“A service to the faith of the people” – Bishop Helmut Dieser looks ahead to Aachen

Trier is a popular hunting ground for new bishops, if the last two appointments are an indication. First Germany’s oldest diocese lost its vicar general to Limburg and today one of its three auxiliary bishops is announced as the sevent bishop of the Diocese of Aachen. Bishop Helmut Dieser succeeds Heinrich Mussinghoff, who retired in December.

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54-year-old Helmut Dieser was born in Neuwied, north of Koblenz, and studied Catholic theology and philosophy in Trier and Tübingen. He was ordained a priest in 1989 and in 1992 he was attached to theological faculty of Trier University, promoting there in 1998. From 2004 onward he worked as a parish priest and teacher of homiletics at the St. Lambert study house in Lantershofen. In 2011 he was appointed as auxiliary bishop of Trier and titular bishop of Narona, a former diocese in what is now southern Croatia. In the German Bishops’ Conference he is a member of the faith commission and the pastoral care commission.

The appointment of Bishop Dieser was announced at noon in Trier. Dean of the cathedral chapter Manfred von Holtum described the incoming ordinary like this. “I am happy that, with him, we receive a bishop in continuity with his predecessors, Bishop Heinrich Mussinghoff and Bishop Klaus Hemmerle, who is open to new pastoral directions. The new bishop of Aachen, Dr. Helmut Dieser, stands for synodality in the Church and especially for ecumenism.”

Bishop Karl Borsch, auxiliary bishop of Aachen and diocesan administrator during the sede vacante, added: “In the meetings of the German Bishops’ Conference I have gotten to know and appreciate Bishop Helmut Dieser as a spiritual and communicative person. In the Conference he is a member of the faith and pastoral care commissions, where his counsel as a proven theologian is asked. He is an experienced shepherd, and I know that, as such, he is looking forward to meeting the faithful and communities in our diocese.”

Bishop Stephan Ackermann of Trier described his erstwhile auxiliary bishop as a “man of the Church and a powerful witness of the Gospel”. He also underlined his communicative skills, in part due to Bishop Dieser’s experience in teaching homiletics.

Speaking in Trier, Bishop Dieser himself describes his new mission as something great, something big in his life. “But I can say yes to this great thing, since I am confident that I will draw nearer to God, answering Him, as I follow Jesus: in this new office. God’s call does not remain vague, it becomes tangible. As tangible as this hour and as tangibe as the Diocese of Aachen and its people.”

Bishop Dieser also discussed the topic of synodality, thanking Bishop Ackermann for calling and organising a synod in the Diocese of Trier in recent years. “The experience of the synod left a deep impression on me, and its results have given us a sense of which direction to look and proceed. What I have learned and experienced in the synod, I now want to take with me to Aachen. I was happy to find, in a speech from Bishop Heinrich Mussinghoff from 2011, that the Diocese of Aachen under his guidance has started in similar directions as our synod in Trier. Also in Aachen, the idea of a “community of communities” creates greater pastoral spaces which can give shape to various forms of Church life, interconnecting them.”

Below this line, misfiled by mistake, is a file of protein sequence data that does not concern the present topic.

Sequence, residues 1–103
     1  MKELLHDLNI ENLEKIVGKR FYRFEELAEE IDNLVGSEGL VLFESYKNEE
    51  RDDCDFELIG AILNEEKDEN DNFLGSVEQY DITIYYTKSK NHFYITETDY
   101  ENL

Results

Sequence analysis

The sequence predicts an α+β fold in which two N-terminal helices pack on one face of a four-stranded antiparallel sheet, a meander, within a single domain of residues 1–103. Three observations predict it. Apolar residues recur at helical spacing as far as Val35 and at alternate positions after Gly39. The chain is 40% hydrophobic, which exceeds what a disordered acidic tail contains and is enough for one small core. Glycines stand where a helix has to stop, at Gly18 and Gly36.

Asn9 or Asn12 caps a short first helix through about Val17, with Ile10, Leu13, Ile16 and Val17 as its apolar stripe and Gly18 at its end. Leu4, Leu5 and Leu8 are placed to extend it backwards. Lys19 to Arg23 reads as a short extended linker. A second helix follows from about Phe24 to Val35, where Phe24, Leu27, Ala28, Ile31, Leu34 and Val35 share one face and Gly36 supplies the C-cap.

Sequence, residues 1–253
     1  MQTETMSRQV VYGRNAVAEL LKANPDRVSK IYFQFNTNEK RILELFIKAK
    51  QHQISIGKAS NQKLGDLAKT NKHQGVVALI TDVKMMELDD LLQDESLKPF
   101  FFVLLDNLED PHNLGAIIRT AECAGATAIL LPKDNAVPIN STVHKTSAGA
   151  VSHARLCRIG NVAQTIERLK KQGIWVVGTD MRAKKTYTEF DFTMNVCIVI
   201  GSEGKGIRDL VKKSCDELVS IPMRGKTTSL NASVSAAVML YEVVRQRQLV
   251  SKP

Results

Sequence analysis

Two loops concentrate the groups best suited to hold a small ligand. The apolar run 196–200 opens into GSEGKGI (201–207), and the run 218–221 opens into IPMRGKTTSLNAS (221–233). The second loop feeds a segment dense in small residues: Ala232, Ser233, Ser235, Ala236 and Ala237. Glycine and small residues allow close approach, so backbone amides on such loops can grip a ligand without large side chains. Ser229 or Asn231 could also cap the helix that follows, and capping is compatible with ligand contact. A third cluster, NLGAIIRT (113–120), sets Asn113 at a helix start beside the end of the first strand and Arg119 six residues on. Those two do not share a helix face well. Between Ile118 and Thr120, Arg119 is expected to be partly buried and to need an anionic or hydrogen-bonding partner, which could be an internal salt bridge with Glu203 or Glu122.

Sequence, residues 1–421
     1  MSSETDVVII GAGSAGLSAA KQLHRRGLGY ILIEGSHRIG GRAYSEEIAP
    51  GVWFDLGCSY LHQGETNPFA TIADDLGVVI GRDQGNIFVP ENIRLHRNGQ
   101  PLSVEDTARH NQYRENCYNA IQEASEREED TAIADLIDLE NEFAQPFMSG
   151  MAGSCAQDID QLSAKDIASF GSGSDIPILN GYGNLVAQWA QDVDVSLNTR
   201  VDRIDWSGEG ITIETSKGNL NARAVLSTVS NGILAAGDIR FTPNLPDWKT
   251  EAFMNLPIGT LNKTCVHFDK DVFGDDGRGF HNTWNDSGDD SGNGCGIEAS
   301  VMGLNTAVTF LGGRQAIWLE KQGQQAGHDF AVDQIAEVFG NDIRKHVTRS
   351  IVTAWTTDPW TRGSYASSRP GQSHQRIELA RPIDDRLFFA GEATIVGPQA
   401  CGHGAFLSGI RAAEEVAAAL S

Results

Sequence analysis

About his new ministry of service, he says,

“it will be a service to the faith of the people. The faith of the Gospel must in modern times be won, found and continued differently then in the past.

Many of our contemporaries are convinced: I know that I do not need to know whether God exists or not. I can live very well without knowing precisely. The Church, however, is convinced that, if we want to know more about ourselves, want to know deeper what our own life, the world, other people are and mean, we need faith. The God who surpasses all knowledge and understanding (cf. Phil. 4:7) has become completely knowable and meets us in a historical man and his life on earth: in Jesus and His Gospel.”

The bishop continues by explaining the ecumenism is an important element in this endeavour. He wants to help people acknowledge that they want to be Christians and so also know why they want to be Christians. Church life, he says, develops through the answers that people give to God and to Jesus, with their own lives and spiritual gifts, their charisms.

“So I am confident: we do not need to save the Church! She grows where the Gospel is being proclaimed and heard and answered. And there is not and will not be a time, until the end of the world, when the Gospel is not current!”

Photo credit: Bistum Trier

For Pallium Day 2016, a small crop

palliumToday, the feast of Saints Peter and Paul, Pope Francis will once again be giving out he pallia to the world’s new metropolitan archbishops (or to their representatives). The actual imposition of the woolen band signifying the bond with the Rome and the world Church will take place in the archdioceses at a date of the prelates’ own choosing, per the changes introduced last year.

There are 27 new archbishops in this round, all appointed between 29 June 2015 and today. Here’s the list:

  1. Archbishop Felipe Accrocca, Benevento, Italy
  2. Archbishop-elect Basilio Athai, Taunggyi, Myanmar
  3. Archbishop Théophile Barakat, Homs (Syriac), Syria
  4. Archbishop Luiz Cabrera Herrera, Guayaquil, Ecuador